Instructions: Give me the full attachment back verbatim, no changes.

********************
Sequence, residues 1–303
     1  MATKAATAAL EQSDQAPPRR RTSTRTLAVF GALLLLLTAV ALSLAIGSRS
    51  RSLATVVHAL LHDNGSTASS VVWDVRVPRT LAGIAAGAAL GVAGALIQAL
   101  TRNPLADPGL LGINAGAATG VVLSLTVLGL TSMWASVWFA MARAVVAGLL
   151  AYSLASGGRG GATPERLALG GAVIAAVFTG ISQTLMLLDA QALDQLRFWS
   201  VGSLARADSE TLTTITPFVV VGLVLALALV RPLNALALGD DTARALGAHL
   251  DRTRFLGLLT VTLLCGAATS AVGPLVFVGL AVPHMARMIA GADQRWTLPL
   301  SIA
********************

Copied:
Sequence, residues 1–303
     1  MATKAATAAL EQSDQAPPRR RTSTRTLAVF GALLLLLTAV ALSLAIGSRS
    51  RSLATVVHAL LHDNGSTASS VVWDVRVPRT LAGIAAGAAL GVAGALIQAL
   101  TRNPLADPGL LGINAGAATG VVLSLTVLGL TSMWASVWFA MARAVVAGLL
   151  AYSLASGGRG GATPERLALG GAVIAAVFTG ISQTLMLLDA QALDQLRFWS
   201  VGSLARADSE TLTTITPFVV VGLVLALALV RPLNALALGD DTARALGAHL
   251  DRTRFLGLLT VTLLCGAATS AVGPLVFVGL AVPHMARMIA GADQRWTLPL
   301  SIA